2008-01-07

Rain 0.62" this storm; 5.96" this season

EDIT 29 Jan: updated second graph to current rainfall.
EDIT 25 Jan: Replaced the second graph with an updated, and more importantly, correct, version.

It looks like the storms have cleared the area with 1.05" 0.06" and 0.62" = 1.73" total for this series of storms in my backyard. That's a good amount for my neck of the woods.

Rainfall total for my backyard this season is 5.86". Median Los Angeles rainfall is slightly above 6" at this time of year.

The graph above illustrates, statistically, what typically goes on. The solid lines bound the monthly probability of rainfall at the 25%, 50%, and 75% level for light blue, medium blue and dark blue, respectively, when read against the left vertical axis: There is a 25% chance for rainfall to be at or below the light blue line in any given month, 50% to be at or below the medium blue line, and 75% to be at or below the dark blue line.

The dashed green lines represent the cumulative total rainfall in an analogous way: 25% chance to be at or below the light green line, 50% to be at or below the medium green line, and 75% chance to be at or below the dark green line.

Examples:
~Median rainfall (50% chance above or below) for our wet season is about 7.5".
~February is typically the wettest month, except in dry years. In dry years, January is typically the wettest month.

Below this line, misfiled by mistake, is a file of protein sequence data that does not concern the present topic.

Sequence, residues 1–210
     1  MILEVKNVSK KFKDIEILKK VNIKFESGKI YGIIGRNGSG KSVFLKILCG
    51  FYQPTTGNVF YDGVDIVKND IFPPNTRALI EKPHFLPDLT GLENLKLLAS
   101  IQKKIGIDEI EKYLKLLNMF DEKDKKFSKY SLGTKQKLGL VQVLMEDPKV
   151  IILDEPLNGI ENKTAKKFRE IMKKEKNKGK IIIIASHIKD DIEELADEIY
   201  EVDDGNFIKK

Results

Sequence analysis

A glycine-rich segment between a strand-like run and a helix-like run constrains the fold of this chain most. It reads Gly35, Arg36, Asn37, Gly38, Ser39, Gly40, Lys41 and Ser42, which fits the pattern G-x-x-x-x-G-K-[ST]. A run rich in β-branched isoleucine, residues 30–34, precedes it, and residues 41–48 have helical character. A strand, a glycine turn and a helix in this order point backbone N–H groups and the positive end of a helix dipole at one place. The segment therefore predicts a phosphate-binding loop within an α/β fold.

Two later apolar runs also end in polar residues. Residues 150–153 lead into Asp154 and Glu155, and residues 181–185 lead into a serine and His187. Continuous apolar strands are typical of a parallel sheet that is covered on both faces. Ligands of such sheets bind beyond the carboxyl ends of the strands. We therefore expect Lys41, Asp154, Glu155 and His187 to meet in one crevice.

~There's wide variation in typical (50% chance) rainfall. For example, in February, half of the time rainfall is between 0.5 inches and almost 4.5 inches.

Below is rainfall measured in my backyard (90250) for the 2004-05, 2006-07, and the 2007-08 (year to date) seasons. I left off the 05-06 season because it was visually confusing, but it was also less interesting as it wasn't such an extreme as the 2004-05 (very wet) and 20o6-07 (driest year on record).



One of the predictions of global climate change is greater weather extremes. The human tendency is to immediately jump to the conclusion that we're seeing those effects in local rainfall observations (years 2004 and 2006, above). Jumping to that immediate conclusion based on this data alone would be hasty. I may take that task on in a more rigorous but still rudimentary way in a later post.